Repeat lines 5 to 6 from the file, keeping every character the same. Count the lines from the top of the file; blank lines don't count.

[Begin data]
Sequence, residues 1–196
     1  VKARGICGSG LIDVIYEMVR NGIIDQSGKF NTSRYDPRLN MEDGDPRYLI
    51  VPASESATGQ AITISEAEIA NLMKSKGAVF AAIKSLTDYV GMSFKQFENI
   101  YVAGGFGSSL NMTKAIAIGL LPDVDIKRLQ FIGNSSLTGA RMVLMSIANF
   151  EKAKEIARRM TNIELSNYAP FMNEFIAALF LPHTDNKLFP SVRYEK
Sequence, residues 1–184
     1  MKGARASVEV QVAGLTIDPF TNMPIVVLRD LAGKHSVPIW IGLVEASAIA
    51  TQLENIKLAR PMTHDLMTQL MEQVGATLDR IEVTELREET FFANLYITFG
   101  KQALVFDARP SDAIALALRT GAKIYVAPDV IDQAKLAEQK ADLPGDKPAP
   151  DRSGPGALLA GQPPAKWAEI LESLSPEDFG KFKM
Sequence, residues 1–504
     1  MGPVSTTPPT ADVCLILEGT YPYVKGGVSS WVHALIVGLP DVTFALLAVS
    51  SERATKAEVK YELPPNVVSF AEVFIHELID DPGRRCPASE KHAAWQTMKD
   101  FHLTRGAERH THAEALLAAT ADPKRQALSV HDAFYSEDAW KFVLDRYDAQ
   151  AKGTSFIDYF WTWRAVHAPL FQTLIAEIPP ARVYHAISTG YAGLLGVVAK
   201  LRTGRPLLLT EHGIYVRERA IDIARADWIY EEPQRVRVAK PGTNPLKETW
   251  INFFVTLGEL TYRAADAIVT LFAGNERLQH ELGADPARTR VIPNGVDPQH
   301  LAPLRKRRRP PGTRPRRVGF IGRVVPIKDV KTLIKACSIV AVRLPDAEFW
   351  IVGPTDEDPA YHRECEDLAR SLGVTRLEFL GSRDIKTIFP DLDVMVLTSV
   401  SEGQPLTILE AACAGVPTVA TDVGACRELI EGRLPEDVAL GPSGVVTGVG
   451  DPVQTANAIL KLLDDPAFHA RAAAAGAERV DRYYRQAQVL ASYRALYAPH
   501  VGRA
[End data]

   151  EKAKEIARRM TNIELSNYAP FMNEFIAALF LPHTDNKLFP SVRYEK
Sequence, residues 1–184